Dr. Michael Lenoir: ‘Social Distancing’ is Vital to Slowing the Spread of the Coronavirus

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Dr. Michael Lenoir from the Lifelong Lenoir Health Center. Photo courtesy of Dr. Michael Lenoir.

The ravaging and rapid surge of the coronavirus, known as COVID-19, has altered the lives of nearly everyone globally.  From mandated sheltering-in-place orders to the thorough, daily washing of hands, the virus can only be slowed down by people following guidelines that have been set in place.

There is currently no vaccine to prevent COVID-19. The Alameda County Public Health Dept. offers detailed information on what individuals need to do to remain healthy and safe during this ominous and deadly outbreak. Just recently the current administration and state officials have extended social distancing orders through May 1, 2020.

Dr. Michael Lenoir, an allergist-immunologist with the Lifelong Health Center, treats people who have immune system disorders as well as respiratory allergies. He is offering additional advice to ensure people are doing what is necessary to slow the virus’s spread.

“This is not the first virus that we’ve had, although this is a serious and deadly one,” said Lenoir. “The way to address this virus is through vaccines and treatment. Now that all of America’s scientists are working on a vaccine, it should take less than a year to get one. Until there’s a vaccine, followed by treatment, this problem will remain unsolved.”

Lenoir noted that the allergy season is fast approaching and people may confuse those symptoms with the virus. “Allergies usually affect the upper airway nose, and eyes,” said Lenoir. “People with asthma and allergies do have wheezing, but it is usually familiar and goes away with bronchodilators. Corona and other viral infections also affect the upper airway but mostly sore throat and lung symptoms that do not respond to bronchodilators.

“The most important difference is the viral infections are usually associated with fever while allergies are not. Pay attention to your temperature: It’s very unlikely that allergies would result in a fever. Allergy symptoms are regularly occurring, and usually mild. If you’ve had the same symptoms around the same time, year after year, you’re probably experiencing seasonal allergies. In that case, over-the-counter medication and other regular health precautions will help you feel better.”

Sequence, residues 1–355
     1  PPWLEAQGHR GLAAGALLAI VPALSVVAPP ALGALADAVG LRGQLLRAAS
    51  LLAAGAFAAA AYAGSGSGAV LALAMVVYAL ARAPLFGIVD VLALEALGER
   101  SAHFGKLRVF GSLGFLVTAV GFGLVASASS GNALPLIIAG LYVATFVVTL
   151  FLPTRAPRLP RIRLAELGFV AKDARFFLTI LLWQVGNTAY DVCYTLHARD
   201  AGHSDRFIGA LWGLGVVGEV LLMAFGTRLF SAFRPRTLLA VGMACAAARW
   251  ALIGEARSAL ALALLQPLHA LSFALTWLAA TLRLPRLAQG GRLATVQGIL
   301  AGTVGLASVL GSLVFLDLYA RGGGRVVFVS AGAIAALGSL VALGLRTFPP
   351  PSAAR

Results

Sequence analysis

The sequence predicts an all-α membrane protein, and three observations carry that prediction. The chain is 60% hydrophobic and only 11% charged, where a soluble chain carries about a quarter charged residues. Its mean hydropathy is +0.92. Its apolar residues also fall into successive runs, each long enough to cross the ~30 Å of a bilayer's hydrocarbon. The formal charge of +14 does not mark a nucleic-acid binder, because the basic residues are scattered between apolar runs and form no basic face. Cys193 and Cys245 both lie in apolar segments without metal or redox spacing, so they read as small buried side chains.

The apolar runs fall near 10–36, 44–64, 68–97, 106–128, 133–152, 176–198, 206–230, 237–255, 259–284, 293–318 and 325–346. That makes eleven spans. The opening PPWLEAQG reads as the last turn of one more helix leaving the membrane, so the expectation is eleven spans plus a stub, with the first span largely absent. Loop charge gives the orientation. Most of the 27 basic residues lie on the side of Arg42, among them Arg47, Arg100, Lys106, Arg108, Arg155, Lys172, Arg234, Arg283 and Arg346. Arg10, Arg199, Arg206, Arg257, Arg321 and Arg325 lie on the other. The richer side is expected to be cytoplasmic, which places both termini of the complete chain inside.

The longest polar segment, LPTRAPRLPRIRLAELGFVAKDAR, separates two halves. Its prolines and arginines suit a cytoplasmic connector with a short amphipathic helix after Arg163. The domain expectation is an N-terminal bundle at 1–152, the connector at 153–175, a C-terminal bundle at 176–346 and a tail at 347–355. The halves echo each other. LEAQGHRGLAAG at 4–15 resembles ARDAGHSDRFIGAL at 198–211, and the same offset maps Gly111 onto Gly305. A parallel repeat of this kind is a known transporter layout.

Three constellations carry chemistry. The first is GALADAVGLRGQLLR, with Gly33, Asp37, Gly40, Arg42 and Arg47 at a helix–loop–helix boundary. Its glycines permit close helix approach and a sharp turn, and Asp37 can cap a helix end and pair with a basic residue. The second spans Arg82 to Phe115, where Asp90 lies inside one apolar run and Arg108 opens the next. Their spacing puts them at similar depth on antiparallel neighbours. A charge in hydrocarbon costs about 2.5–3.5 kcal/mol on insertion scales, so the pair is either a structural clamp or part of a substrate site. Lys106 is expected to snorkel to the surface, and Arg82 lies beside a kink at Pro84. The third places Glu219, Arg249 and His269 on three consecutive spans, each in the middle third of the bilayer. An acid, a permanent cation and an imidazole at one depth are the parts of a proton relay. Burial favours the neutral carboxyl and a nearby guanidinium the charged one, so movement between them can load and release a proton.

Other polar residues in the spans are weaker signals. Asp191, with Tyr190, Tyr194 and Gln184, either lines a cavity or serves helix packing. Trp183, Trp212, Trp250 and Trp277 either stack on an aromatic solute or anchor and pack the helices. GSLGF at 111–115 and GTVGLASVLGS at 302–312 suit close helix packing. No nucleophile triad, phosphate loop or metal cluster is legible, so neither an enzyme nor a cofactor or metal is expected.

Regarding social distancing, Lenoir said it is one of the core things that people need to do to help eradicate the virus. “When COVID-19 was first reported and people were told to shelter-in-place, many people continued to go to the beach, have block parties and do irresponsible things that helped the virus spread,” said Lenoir “Now that people see all these individuals are dying worldwide, they’ve begun to take the situation seriously.

“Once people start listening to the news and reading the statistics, the public is realizing that this pandemic can be stopped by social distancing. The initial problem has been that we’re living in an “unnatural state,” meaning having to stay inside all the time has made people uncomfortable.  However, there’s no excuse for people to engage in high-risk behavior.

Social distancing may not apply to family members who are constantly around each other. But if one family member gets the disease, then everyone else in the family may be affected.  Additionally, if you’re away from the home for various lengths of time, you should consider quarantining yourself, in one room, away from the other family for at least 14 days.

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